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I have a book that labels C, F, Bb, and D as a Csus4 chord. I get the F is the 4th to C, but why the dominant 7th and the 9th? Are those vital to a Csus4 chord, do they add to it, or is the book just wrong?

If anyone has the book, I'm looking at page 22 in Mark Levine's The Jazz Piano Book.

  • I have the book in question and it is definitely a Jazz book (also a great book IMO), so all the theory doesn't necessarily apply elsewhere, such as Rock or Country. Specific theories have specific "rules", such that Jazz and Classical theory often contradict each other or work in completely different ways, so to play or compose with the theory of either in mind is to try to replicate that genre. – Basstickler Feb 4 '15 at 1:56
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    Without using slash notation, this chord would be called C9sus4 (no 5th). – Matt L. Feb 4 '15 at 11:11
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No, the 7th and 9th are not vital to a sus4 chord. A "regular" sus4 would just have root, fourth, and fifth (so C, F, G, in this case). That said, jazz seems to never play simple "regular" chords without adding at least a 7th. But the chord you have listed could probably be more accurately described as a C9sus4 (without the 5th, if you want to get really technical). Alternatively, it could be described as the folowing slash-chord: B♭/C, which might make more sense.

However, this type of chord often occurs on the fifth note (dominant) of the scale (so you'd likely see this chord in the key of F). In that case, it is a particularly common type of chord to use in jazz (basically a IV chord over the 5th scale degree) so it has its own name: the jazz sus chord, or a "dominant 9sus4 chord". It's important to note, though, that "jazz sus chord" is different from a plain old "sus4" (which, as I said is just C, F, G).

I've described jazz-sus chords once before, as an example where slash-chords are useful.

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It is a sus4 chord I would not call it a Csus4 though. It's obviously an extension with a suspended third. I would instead call it a C9sus4 because you have everything up to the 9th (it's ok to omit the 5th) and the 3rd is suspended.

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A standard triad with a bass note a tone higher than the root is often called an 11th.(Off the bass note name). Bb, D and F make up a Bb major triad, and the C is a tone above Bb. So it can be known as C11. The intro to 'Midnight at the Oasis' uses 5 of these 11th chords. Otherwise known as Bb/C, but, as the others have said, it's not a sus4 in its common form.Could be Bb add 2,or at a push add 9 though unlikely, but generally the 'sus' bit suspends the 3rd of the chord, to be replaced, usually temporarily, with either a 2 or a 4. Not in this case.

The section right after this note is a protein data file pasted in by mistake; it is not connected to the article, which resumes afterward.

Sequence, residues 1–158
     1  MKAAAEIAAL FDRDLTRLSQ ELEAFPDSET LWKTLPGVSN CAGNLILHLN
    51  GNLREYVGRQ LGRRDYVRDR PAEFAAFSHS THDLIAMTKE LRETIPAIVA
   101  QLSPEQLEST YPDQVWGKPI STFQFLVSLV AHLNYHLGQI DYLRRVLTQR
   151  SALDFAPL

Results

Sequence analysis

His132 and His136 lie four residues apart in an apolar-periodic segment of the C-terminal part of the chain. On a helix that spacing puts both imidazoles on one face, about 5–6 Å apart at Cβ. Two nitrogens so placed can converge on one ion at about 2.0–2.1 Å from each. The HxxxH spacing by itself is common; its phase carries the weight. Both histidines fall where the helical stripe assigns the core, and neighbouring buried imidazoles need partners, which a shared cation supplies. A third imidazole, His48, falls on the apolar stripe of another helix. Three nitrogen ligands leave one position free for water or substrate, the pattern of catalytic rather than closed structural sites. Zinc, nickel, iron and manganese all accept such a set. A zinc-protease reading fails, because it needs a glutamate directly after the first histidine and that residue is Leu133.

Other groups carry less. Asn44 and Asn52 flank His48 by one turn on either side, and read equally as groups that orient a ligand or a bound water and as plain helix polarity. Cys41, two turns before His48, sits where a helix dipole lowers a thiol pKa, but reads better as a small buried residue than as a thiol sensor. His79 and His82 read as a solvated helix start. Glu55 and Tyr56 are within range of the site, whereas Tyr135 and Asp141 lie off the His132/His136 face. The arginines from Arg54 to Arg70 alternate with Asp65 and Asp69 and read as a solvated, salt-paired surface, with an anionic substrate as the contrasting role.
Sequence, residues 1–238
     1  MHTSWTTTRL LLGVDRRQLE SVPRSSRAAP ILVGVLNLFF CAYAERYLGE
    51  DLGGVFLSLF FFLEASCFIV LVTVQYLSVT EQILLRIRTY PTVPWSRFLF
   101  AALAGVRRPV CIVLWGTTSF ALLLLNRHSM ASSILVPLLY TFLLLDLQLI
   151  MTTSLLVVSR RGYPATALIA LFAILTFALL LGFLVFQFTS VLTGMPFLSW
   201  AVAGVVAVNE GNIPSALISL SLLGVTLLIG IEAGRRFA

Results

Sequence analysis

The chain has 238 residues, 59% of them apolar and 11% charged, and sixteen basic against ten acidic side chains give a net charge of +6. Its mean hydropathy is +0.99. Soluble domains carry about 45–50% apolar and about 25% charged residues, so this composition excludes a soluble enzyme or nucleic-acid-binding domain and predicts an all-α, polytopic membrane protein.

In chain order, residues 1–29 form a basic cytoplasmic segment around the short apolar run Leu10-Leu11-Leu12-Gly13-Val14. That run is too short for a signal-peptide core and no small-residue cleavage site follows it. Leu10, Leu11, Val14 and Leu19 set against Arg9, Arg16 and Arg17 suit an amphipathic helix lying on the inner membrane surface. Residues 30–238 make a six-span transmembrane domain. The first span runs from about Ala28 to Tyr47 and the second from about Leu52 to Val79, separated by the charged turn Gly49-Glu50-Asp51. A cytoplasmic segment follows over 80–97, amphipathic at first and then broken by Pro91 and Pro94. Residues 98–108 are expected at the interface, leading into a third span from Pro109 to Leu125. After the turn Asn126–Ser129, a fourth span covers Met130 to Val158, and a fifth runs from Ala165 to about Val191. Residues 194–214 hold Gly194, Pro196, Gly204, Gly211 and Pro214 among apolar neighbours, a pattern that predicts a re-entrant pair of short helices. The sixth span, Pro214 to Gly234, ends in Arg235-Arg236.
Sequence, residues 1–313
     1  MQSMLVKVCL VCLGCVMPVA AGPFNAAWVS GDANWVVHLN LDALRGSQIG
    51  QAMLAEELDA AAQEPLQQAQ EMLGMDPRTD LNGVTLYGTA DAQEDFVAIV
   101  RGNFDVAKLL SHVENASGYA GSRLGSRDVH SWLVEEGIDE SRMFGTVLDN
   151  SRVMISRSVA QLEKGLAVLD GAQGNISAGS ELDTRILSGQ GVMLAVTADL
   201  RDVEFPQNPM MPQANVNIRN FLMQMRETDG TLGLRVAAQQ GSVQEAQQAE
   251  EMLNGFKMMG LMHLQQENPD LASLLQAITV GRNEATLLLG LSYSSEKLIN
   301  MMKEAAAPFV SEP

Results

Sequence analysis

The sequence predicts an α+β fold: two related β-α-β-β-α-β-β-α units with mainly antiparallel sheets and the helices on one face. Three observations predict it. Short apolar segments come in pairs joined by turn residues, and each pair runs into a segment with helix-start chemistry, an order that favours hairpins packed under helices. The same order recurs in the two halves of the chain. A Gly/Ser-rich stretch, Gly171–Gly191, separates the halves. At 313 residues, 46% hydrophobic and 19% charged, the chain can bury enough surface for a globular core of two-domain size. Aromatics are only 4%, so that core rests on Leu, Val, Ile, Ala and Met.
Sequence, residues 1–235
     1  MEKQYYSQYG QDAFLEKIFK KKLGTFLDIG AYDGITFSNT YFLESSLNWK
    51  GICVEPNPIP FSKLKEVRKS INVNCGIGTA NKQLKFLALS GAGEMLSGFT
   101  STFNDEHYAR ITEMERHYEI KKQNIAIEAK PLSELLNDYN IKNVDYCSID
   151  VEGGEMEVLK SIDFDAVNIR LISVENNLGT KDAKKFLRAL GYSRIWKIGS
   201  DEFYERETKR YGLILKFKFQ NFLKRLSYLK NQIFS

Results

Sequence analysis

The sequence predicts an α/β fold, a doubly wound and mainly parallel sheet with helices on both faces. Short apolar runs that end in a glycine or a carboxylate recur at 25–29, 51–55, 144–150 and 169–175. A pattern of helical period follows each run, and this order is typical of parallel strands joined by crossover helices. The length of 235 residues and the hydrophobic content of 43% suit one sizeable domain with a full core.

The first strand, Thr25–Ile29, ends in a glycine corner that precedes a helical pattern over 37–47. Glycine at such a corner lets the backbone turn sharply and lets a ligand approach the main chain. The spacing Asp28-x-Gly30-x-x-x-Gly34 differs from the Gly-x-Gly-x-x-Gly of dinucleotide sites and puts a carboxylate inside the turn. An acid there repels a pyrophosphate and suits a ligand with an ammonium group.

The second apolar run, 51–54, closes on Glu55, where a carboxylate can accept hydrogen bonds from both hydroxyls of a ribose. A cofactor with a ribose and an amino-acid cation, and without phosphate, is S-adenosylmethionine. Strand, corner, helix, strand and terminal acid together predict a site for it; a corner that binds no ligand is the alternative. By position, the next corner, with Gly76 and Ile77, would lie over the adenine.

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These four notes don't make a sus4 chord, and certainly not a Csus4 chord. If you leave out the D, the other notes make an Fsus4. No other sus4 chords can be made from these four notes. However, like all sus4 chords, the three notes used for Fsus4 (F, Bb, C) can also be thought of as two other suspended chords: these are Bbsus2 and an incomplete C7sus4 (it has no 5th).

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Need to recognize the difference between a triad sus4 and a dominant 7th sus 4:

Csus4 = C F G

C7sus4 = C F Bb D

So in the book it's a typo, should be "C7sus4"

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    I think C7sus4 would be C F G Bb... – mey Feb 9 '15 at 21:48
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    yes you can voice it that way. or you can drop the g and add the ninth – Michael Martinez Feb 9 '15 at 22:59
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    @MichaelMartinez - once there's a 9th in the chord, it ceases to be merely a 7th in name. It must be a 9th chord, and all ninths will have a 7th too. Except 'add 9'.So C7sus4 is CFGBb. C11 will have an E as well. – Tim Feb 10 '15 at 9:14
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    @mey - most times a 9th chord can be used to replace a 7th. Usually sounds richer or more sophisticated! – Tim Feb 10 '15 at 9:15
  • @Tim. you are correct. But a lot of times when a chord is written as a 7th it is implied that you can use the other tensions as you see fit. harmonically if you continue to keep the 3rd and 7th it still functions as the 7th chord. Or in this case the sus note (4th) and the 7th. – Michael Martinez Feb 10 '15 at 19:04

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